Wednesday, March 29, 2006

What's the DEAl?

Here's my response to DEA Administrator Karen Tandy's letter in the Washington Post. Tandy's original letter follows. Please take five minutes and send a short letter of your own.
To the Editor:

Karen Tandy, head of the Drug Enforcement Administration, makes a misleading claim about teens, marijuana, and drug treatment in her March 29 letter to the Post ("A drug dealer's toll on Americans").

Ms. Tandy cherrypicks the statistic that more teens enter treatment for marijuana than for any other drug, but fails to mention that 54 percent of adolescents entering treatment for marijuana were coerced by the criminal justice system (citation below).

It turns out marijuana isn't the addictive substance the DEA wants to paint it as. The fact is, the greatest harm associated with marijuana is being arrested and sent to jail. Who wouldn't pick treatment over incarceration if given the choice?

Tom Angell, Campaigns Director
Students for Sensible Drug Policy
1623 Connecticut Ave NW; Suite 300
Washington, DC 20009
phone: (202) 293-4414
cell: (202) 557-4979
fax: (202) 293-8344
AIM: ThisIsTomAngell

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Source for stat: Substance Abuse and Mental Health Services Administration, Office of Applied Studies. The DASIS report: Treatment referral sources for adolescent marijuana users. Rockville, MD. March 29, 2002. Online at:
And here's DEA Administrator Tandy's original letter:

A Drug Dealer's Toll on Americans

Wednesday, March 29, 2006; Page A18

Marc Emery, who distributed millions of marijuana seeds throughout the country, admits the accuracy of the Drug Enforcement Administration's charges against him, but he denies harming Americans ["High Crimes, or a Tokin' Figure?" Style, March 18].

Like all dealers, Mr. Emery turns a blind eye to marijuana's victims -- people like Victoria Rogers, a mother driving with her children when she was killed by a marijuana-intoxicated motorist.

Marijuana feeds thousands of addictions -- so many that more teenagers enter treatment for marijuana dependency than for all other drugs combined. Thousands of adolescents whose brains are still developing also suffer from depression, memory impairment and diminished judgment because of marijuana. Users destroy their lungs because marijuana smoke contains 50 to 70 percent more cancer-causing chemicals than tobacco smoke.

That Mr. Emery sees no consequences of his actions does not change the fact that they destroy innocent American lives and that he should and will face legal consequences as a result.



Drug Enforcement Administration


Please take five minutes and send a letter of your own.


rachelrachel said...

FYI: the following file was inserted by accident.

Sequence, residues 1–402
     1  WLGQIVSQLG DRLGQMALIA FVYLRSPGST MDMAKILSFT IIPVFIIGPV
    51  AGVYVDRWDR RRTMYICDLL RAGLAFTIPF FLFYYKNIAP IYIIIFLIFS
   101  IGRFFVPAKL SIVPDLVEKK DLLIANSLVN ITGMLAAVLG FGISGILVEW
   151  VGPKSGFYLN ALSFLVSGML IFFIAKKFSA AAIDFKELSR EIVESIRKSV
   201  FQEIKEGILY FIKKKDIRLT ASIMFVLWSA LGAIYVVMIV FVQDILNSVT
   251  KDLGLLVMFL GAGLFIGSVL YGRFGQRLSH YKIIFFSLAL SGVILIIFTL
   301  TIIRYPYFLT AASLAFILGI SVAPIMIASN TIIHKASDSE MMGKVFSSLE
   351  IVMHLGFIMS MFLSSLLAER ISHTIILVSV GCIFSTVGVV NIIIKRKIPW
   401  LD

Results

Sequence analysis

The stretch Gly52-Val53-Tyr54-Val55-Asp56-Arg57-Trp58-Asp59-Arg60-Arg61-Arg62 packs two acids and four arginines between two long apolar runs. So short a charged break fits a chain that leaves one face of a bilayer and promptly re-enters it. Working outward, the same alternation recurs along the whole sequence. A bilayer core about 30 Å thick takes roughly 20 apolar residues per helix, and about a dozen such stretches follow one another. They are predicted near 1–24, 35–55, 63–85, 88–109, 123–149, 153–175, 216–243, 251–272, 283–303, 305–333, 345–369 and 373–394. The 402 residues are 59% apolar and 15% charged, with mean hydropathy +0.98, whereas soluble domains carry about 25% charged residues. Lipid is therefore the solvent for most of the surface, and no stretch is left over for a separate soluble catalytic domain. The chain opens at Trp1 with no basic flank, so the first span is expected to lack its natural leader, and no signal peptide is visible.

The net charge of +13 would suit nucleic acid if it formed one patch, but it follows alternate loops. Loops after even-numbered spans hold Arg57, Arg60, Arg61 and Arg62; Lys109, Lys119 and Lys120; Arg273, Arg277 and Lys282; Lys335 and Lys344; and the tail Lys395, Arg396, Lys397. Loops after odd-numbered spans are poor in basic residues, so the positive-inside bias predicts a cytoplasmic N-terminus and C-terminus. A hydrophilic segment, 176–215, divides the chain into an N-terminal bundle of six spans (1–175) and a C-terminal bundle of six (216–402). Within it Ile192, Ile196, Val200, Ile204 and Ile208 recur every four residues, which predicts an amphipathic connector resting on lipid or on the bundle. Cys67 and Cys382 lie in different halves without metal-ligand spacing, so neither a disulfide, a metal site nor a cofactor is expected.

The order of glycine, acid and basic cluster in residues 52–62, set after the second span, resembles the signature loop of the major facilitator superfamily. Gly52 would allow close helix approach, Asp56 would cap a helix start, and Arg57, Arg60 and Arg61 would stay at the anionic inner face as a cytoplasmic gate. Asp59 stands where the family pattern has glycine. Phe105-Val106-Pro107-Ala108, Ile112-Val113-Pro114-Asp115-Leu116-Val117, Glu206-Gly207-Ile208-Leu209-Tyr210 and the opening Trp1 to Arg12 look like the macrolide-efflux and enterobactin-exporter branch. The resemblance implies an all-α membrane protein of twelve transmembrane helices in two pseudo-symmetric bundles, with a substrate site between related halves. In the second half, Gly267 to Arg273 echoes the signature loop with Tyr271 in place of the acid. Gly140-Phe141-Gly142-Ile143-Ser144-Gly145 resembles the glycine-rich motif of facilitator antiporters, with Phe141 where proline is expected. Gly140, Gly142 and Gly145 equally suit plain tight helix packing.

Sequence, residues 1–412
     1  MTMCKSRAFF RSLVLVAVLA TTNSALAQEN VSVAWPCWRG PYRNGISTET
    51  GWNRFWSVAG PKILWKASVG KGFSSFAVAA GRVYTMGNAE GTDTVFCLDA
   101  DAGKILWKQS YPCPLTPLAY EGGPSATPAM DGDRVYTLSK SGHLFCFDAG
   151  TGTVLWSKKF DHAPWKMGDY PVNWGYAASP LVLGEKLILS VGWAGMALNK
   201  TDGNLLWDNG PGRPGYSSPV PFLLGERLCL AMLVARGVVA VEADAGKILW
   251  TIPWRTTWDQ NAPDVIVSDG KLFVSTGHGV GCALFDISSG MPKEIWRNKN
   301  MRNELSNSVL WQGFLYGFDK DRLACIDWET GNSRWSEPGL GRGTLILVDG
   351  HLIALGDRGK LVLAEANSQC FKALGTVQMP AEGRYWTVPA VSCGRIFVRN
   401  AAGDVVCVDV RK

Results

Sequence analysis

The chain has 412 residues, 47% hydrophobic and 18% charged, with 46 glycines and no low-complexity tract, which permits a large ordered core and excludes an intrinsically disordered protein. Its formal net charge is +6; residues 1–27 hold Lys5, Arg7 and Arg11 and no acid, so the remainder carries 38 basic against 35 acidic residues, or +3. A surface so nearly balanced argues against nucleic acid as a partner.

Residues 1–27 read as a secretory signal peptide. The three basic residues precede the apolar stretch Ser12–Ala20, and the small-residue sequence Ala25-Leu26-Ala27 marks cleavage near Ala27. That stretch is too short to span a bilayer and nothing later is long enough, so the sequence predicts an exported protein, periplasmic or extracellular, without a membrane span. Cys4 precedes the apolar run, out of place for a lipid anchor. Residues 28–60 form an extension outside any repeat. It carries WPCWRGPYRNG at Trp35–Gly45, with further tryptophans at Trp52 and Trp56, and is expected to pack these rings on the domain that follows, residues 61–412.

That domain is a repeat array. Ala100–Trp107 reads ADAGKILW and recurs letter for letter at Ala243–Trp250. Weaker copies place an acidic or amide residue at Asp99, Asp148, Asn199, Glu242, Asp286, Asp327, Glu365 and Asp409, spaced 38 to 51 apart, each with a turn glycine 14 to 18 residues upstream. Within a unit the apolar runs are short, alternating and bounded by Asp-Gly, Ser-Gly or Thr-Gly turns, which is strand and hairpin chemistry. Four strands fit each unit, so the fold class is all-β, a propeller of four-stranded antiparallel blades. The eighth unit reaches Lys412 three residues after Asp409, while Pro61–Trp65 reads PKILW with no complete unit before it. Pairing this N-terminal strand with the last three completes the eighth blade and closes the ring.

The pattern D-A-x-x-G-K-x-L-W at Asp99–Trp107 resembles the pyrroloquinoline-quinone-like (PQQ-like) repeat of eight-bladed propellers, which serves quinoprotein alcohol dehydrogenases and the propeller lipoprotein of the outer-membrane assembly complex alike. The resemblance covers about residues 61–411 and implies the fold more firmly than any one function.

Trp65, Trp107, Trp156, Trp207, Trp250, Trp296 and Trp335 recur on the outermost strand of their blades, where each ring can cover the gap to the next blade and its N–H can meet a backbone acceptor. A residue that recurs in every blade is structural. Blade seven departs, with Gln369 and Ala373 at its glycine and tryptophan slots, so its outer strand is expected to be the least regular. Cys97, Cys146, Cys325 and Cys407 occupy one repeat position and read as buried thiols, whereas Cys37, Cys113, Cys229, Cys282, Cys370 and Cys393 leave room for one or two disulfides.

54 percent of adolescents entering treatment for marijuana were coerced by the criminal justice system

And I'll bet a sizable chunk of the remaining 46% have been coerced by their parents.

daksya said...

Not a convincing response.

That can be read as meaning that half of those in treatment do belong there.

You need to highlight that only 1 out of 6 are referred by self or family. The rest are referred by institutions like schools, churches, or primarily the criminal justice system.

Pete Guither said...

Good point, Daksya.

Here are some useful breakdowns.

Also, for someone who wants to address this in a letter, in another speech, Karen talked about Victoria Rogers as having been killed by a driver high on a virtual drug cocktail of marijuana, cocaine, and opiates, not just marijuana. Actual news reports are very hard to find -- the accident involved three cars, and there were questions at the time of the accident as to who was driving the thunderbird that sideswiped a truck and then hit Victoria's car. This is the best example she has of marijuana causing death? Shows how weak her argument is.

daksya said...

Another thing..

Advertising a comparative analysis on treatment rates across different countries will help your case more. In the Netherlands, 2% of current pot users (past month ) are in treatment. Of these 2%, the primary problem for 50% is a drug other than pot, but pot's mentioned as a secondary or tertiary problem. 30% have pot as their main problem, but other drugs are involved as well, and 20% for just pot. In essence, 1% (~5,000) of past month pot users is the metric for comparision. By that standard, 146,000 should be in treatment, instead of 274,000.

The key problem here is that in relative terms, pot's a problem for very few people, but the absolute number is nontrivial.

Anonymous said...

I have used in the past to find lawyers in my area.

bones288 said...

The key thing here is that 'do you feel you should have the right to tell someone that they can't drink a beer'?

Despite that fact that more ppl have suffered and died directly as a result of the alcohol in beer.

If pot is less addictive/harmful than alcohol why should anyone tell anyone else that they shouldn't do it?

If you want to go to your garage and suck on a tailpipe for a while why shouldn't I let you? Do what you want to your own body and I'll worry about mine.